San Bernardino and the Monopoly Media

On December 4, the owner of the home that the alleged — alleged, innocent until guilt is proven is still the law — San Bernardino attackers, Syed Farook and his wife, was opened to the media. The scene was pandemonium as a swarm of reporters, cameramen, and members of the public ransacked the home.

MSNBC reporter Kerry Sanders was tracked by a live shot though the Redlands home, rifling through photographs and documents on live television. MSNBC anchor Andrea Mitchell showed some discomfort as Sanders found pictures of children and showed them to the cable channel’s audience, but the channel kept broadcasting anyway.

In possibly the most egregious violation of privacy in this circus of shit journalism, Sanders found the driver’s license of the mother of the male shooter and held it up to the camera for over thirty seconds. Stay tuned for the inevitable vandalism/attacks/harassment of the gunman’s family as a direct result of that action.

The media’s behavior here is pretty indicative of the domestic shooting double standard. Remember how after the Sandy Hook Elementary shooting, the media were allowed/forced their way into Adam Lanza’s family home after the FBI had gone through it? Remember how the media found out he was a white male and immediately searched for a way to connect him to his broader community?

Right, none of that happened. Never happens, in fact, when the shooter is a white man. The media will swarm and exhaustively cover attacks on civilians in the West when Muslims do them. But when the perpetrator is white, the questions become “how are we getting so used to this” and “is it time to talk about gun control.”

Same with this attack — for the first few hours. The contrast of coverage in the first hours after the attack and the days after the suspects were identified is striking. Coverage in the wake of the shooting followed the script. The “left” in mainstream American politics called for gun control. The right gave prayers for the victims. Once the shooters were identified as Muslims, Arabs, that narrative changed.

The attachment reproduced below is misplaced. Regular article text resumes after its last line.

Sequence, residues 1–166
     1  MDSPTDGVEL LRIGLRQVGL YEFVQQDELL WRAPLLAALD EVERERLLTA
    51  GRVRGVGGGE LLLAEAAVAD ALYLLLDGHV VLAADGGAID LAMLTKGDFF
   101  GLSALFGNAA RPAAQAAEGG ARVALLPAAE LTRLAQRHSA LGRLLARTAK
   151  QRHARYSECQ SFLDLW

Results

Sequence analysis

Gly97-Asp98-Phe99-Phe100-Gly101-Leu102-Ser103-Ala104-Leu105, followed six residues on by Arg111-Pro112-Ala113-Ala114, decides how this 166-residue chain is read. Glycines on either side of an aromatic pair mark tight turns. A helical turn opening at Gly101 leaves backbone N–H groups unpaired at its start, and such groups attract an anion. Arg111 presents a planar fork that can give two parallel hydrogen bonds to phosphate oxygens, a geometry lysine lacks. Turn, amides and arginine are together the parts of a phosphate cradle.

When the shooter is white, the questions surrounding motivation are many. There is a concerted effort to figure out “what happened” to him, what in his background could have made him so “troubled.” The white shooter is a “loner,” he is “mentally disturbed.”

When the shooter is a person of color in general, and a Muslim in particular, there are no questions. Generalizations and assumptions take the place of individualized motivations and mental illness, background and past.

That’s how we get to the point where the media invades the home of dead suspects in a shooting and shows the world their family’s personal information: without individualizing the attackers when their skin tone is insufficiently pale, they are seen as part of a monolithic mindless mass of danger, not as the just-as-disturbed and troubled people that their white, male counterparts are.

We’re only three days into this story, so there will surely be more of these blatant incidents of media bias around the San Bernardino shootings. Whether or not they will reach the heights of MSNBC doxing family members of the shooter is unclear. What is clear is that now that the shooters have been thoroughly “othered” by the media and law enforcement due to their religious and ethnic backgrounds, the storyline will follow its predictable, dehumanizing narrative.

Eoin Higgins is a writer and historian from upstate New York. Read other articles by Eoin, or visit Eoin's website.